Kenya enjoys recognition the world over, thanks to numerous medals bagged by its athletes in various disciplines.
While such abilities would prompt other countries to nurture their young upcoming sports stars, in many cases the story here is different.
Young athletes are not receiving the required support from the government.
Susan Gatwiri is one of them. She represented Kenya in the 2015 Special Olympics World Summer Games held in the US, bagging two gold medals: in the 5,000 metres and 3,000 metres contest.
It is a fact that saw this 21-year-old feted at the SOYA Awards in 2016, a recognition that came with Sh75,000.
But that is where her story ends. Gatwiri never got any money from her triumph at the Special Olympics.
According to a statement by Special Olympics Kenya early this year, Gatwiri was promised Sh200,000 for every gold medal she bagged, but that has not happened nearly four years down the line.
Ms Susan Masila, Special Olympics Kenya national director, says the agency is not part of the payment process. “Our only duty is to submit the names of the athletes to the Ministry of Sports on their behalf,” she says.
Our efforts to get a comment from Sports, Culture and Heritage Principal Secretary Kirimi Kaberia were fruitless, as our calls went unanswered.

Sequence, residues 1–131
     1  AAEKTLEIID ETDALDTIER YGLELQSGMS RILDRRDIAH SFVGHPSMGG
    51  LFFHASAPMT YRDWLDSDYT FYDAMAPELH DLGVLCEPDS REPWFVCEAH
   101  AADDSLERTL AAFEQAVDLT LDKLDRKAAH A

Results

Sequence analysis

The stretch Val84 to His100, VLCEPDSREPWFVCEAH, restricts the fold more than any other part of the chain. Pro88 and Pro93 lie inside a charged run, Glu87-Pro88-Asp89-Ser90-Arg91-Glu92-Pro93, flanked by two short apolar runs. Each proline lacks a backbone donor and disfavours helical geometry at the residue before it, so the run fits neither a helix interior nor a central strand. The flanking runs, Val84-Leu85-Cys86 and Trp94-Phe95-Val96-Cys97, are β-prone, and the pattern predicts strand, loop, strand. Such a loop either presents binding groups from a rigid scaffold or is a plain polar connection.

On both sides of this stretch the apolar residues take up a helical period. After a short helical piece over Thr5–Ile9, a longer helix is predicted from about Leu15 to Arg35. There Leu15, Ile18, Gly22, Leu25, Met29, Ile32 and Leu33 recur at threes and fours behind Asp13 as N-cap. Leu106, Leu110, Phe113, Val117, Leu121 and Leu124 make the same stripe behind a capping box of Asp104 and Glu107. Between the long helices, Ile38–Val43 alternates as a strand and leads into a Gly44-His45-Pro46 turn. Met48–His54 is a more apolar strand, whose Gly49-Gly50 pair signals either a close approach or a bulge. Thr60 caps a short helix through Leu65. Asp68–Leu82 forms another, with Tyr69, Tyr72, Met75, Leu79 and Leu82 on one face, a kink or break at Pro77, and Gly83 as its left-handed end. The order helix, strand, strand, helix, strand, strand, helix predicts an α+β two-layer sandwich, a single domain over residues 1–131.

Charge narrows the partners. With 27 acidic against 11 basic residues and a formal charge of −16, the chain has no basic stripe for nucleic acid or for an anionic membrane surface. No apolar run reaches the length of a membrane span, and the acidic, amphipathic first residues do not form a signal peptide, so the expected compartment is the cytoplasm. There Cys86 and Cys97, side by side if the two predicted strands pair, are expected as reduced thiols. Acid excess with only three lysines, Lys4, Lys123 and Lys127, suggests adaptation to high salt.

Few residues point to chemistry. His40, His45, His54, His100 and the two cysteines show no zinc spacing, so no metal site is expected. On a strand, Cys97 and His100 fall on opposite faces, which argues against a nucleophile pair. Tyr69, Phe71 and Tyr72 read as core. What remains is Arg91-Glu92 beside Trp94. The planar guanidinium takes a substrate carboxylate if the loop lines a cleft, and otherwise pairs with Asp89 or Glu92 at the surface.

In the meantime, Gatwiri has nothing but the medals and certificates she was awarded.
And no, she does not strike one as a Special Olympics gold medallist.
For nearly two years now, this soft-spoken former runner has been working as a house help in Skuta Estate, Nyeri County, earning Sh7,000 a month, money she uses to take care of her ailing mother and younger siblings who live in Judeya village.
Lucy Achieng’s is an extraordinary story of success in a quite unfamiliar field in Kenya. She is the African roller skating champion.
This 21-year-old has been on a winning streak since she first wore roller-skating boots.
She was one of the players that lifted the Kenyan flag high in the world championships in India nearly five years ago, winning more than 20 medals.
In November last year, she won Kenya not one, two, or three, but seven medals at the Second African Speed Skating Championships in Cairo, Egypt.
In spite of bringing the country glory in this new sport, she did not receive a single cent.
According to Kenya Federation of Roller Skating secretary-general Lameck Wafula, the agency did not receive any money from the government.
“We financed our trip fully. We only received Sh500,000, from Nairobi Governor Mike Sonko while we were still in Egypt,” he says.
He says that the federation still owes a tour and travel agency Sh1.9 million in air tickets for the 16 participants who travelled to Egypt.
Gideon Mutua Amiani, a Form Two student at Golden Light High School in Huruma, Nairobi, is definitely not your ordinary 18-year-old.
Mutua is the youngest player in the only Kenyan senior ice hockey team, The Kenya Ice Lions.
But Mutua’s life is far from that of a champion. Besides tens of medals and certificates, he has not been rewarded monetarily.